“America is a country without parents.”
I cannot believe my good fortune. That is exactly the question I wanted!
I am telling you, dude, America is a country without parents. They were “Absentee Parents”, to be sure, but they were parents nonetheless. In that they gave birth to us like Portugal and The Netherlands did not.
And then one day, fed up with what was perceived as intolerable “parental abuse”, the kids rose up and locked their parents out of the house. (For those who aren’t following this, England is the parents and the Thirteen Colonies are the kids. Is what I’m saying.)
The parents were good to the kids. Or so they believed. They provided them with their basic necessities (many crafted from raw materials imported from America at cut-rate prices), they protected them from trouble (“trouble” meaning the Indians, although, the kids would later learn that their parents were secretly paying the Indians to stir up much of that trouble, and they were not happy about that. Nor were they happy with the onerous taxes England imposed, they said, to protect the Colonists from the Indians, whom it turned out they had been paying – arguably with American tax money – to make trouble.)
The kids had had enough. In the spirit of Popeye, who would express similar sentiments a century and a half later, “That’s all they could stands; they could not stands no more.”
The thing is, in order to attain victory, “victory” defined by keeping their parents permanently out of the house, all thirteen children (Read: “Colonists.” Stay with me here) had to agree to the “lockout” and work as a unit to accomplish that objective.
You cannot keep the parents out of some of the rooms while welcoming them into others. It was an all or nothing proposition. If even one kid wimps out, the parents are back in the house.
And boy, are they angry! (Meaning, if the insurgents did not hang together, they would most certainly hang separately.)
The older siblings – they’re solid. They’re fed up with the parental exploitation and abuse and they know what has to be done. It’s the five year-olds, and under, the smaller and the weaker offspring that are the problem. Their attachment to the adult protection is stronger, making them more likely to whimper and weaken, due to their habitual need for their reassuring presence.
The waverers needed to be persuaded. So they negotiate. What do the weaker siblings want? What can they promise that will entice them reliably into the fold?
“We want equal rights with the Big Kids. And we do not want anyone telling us what to do. Ever!”
“Is that a deal breaker?”
“Yay, verily, it is.” (And they aggressively stick out their lower lips to underscore that they mean it.)
Seeing no alternative and an urgent necessity, the Big Kids dutifully surrender to their demands.
“States’ – sorry, I mean – “Kids’ Rights.”
When the war was won, the “country (now) without parents” jubilantly celebrated, the victorious youngster jumping on the beds and eating cookies for breakfast. (And lo to anyone advising nutritional guidelines.)
It was total freedom. The kids could decorate their rooms any way they wanted, and they could leave their discarded clothing all over the floor. There was no “bedtime”; everyone could stay up as late as they wanted, and even watch television – or the Colonial equivalent of television which was looking out the window – before finishing their homework. They had earned it, by vanquishing their parents.
No longer could anyone tell them what to do.
There were difficulties, of course. For example, the communal areas – the living room and the privy – how would their maintenance and use be determined? Would it be “mutual agreement” or “Everyone for themselves’?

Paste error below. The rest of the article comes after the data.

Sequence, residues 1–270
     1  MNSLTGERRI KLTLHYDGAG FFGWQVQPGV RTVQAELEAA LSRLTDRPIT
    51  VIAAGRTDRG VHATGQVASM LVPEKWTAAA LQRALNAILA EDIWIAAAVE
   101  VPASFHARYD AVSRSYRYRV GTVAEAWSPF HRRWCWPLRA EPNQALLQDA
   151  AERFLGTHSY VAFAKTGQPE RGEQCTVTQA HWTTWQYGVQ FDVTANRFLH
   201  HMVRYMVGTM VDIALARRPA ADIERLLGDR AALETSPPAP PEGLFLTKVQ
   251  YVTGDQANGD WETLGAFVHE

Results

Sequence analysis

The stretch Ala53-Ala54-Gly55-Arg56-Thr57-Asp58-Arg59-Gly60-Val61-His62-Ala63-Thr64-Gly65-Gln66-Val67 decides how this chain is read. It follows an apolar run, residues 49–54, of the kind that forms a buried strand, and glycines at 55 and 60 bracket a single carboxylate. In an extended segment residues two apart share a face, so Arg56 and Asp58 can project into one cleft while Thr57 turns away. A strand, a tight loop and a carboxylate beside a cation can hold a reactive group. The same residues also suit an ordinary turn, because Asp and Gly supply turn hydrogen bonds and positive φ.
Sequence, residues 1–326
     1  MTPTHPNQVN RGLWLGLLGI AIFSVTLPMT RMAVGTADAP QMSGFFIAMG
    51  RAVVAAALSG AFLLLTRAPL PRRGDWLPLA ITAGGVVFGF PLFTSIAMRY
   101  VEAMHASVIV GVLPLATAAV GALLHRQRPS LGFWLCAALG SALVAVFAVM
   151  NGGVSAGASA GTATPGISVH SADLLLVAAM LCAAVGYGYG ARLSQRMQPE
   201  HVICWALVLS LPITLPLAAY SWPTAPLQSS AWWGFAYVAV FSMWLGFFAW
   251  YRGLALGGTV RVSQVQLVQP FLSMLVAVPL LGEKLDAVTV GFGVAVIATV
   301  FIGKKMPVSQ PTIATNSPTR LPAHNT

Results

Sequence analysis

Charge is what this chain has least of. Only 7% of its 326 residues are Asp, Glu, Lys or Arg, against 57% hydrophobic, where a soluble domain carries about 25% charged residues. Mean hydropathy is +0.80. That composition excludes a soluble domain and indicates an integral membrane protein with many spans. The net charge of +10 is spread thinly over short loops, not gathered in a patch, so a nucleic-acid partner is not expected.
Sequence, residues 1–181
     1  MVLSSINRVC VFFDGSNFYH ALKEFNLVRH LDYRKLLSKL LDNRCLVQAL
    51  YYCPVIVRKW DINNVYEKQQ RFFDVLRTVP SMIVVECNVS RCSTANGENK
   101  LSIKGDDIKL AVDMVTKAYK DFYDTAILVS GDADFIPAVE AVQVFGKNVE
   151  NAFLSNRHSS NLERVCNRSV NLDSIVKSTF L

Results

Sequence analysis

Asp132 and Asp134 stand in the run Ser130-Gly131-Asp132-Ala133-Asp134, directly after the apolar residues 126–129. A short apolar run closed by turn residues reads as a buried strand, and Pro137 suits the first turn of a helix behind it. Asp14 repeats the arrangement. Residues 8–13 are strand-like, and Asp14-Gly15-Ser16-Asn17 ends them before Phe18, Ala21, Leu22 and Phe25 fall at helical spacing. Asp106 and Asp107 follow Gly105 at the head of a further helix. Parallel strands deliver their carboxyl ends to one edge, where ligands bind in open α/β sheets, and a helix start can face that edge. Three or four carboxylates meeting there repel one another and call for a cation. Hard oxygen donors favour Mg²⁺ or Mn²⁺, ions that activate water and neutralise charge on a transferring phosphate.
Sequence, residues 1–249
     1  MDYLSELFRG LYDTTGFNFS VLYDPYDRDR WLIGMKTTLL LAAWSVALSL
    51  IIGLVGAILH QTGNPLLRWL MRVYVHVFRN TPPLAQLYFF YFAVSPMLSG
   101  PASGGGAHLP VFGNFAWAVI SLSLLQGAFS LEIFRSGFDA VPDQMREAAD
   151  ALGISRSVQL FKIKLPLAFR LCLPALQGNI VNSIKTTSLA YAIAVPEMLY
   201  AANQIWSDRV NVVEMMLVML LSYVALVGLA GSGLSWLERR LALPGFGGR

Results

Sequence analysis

The problem with a “country without parents” is that nobody is ultimately in charge. Except the kids. Any sniff of the Big Kids’ throwing their weight around, however, and you’ve got another rebellion on your hands, the “New Revolutionaries” drawing inspiration from the original rebellion, possibly even adopting their historically resonating nicknames.
One has to wonder if the more powerful siblings were ever truly serious about “Kids’ Rights”, or were they simply kidding around. And by “kidding around” I mean lying to the less powerful siblings so they would acquiesce the plan.
To attain a certain objective, you make a promise you did not entirely take seriously, only to discover that you are stuck with the consequences of that promise because the people you originally made it to did. And there is no governing authority to break the logjam. (There’s the Supreme Court. But, please.)
As a concept, “States’ Rights” is not necessarily bad. (With the exception of the civil rights area, where it has never once been acceptable, and while I’m at it, P.U.)
I read recently where Vermont will be experimenting with a Universal Health Care system. That seems like a productive purpose for States’ Rights. Let ‘em try it, and see how it functions. If there are glitches, they can be tinkered with on a smaller, regional scale.
And if it works out, then other states – whose citizens don’t want to die when they get really sick and they don’t have health insurance or their private insurers say “We’ve paid out enough” – will follow their lead. Ditto for drug de-criminialization.
Certain problems, on the other hand, logistically go "Ha!" at state-by-state experimentation. If one state, for example, has tough gun-purchasing regulations while another state does not… well you can see where that’s going. To be practically effective, the gun issue requires a national response. And in a country without parents, where nobody can tell anyone else what to do…
I would not hold my breath. (And hope the shooter chooses another theater in the multiplex.)
A family comprised entirely of self-governing children is a “natural” for a television series on Nickelodeon.
But as a template for a country…
It is a “Noble Experiment.”
Which is not the same as saying, “It works.”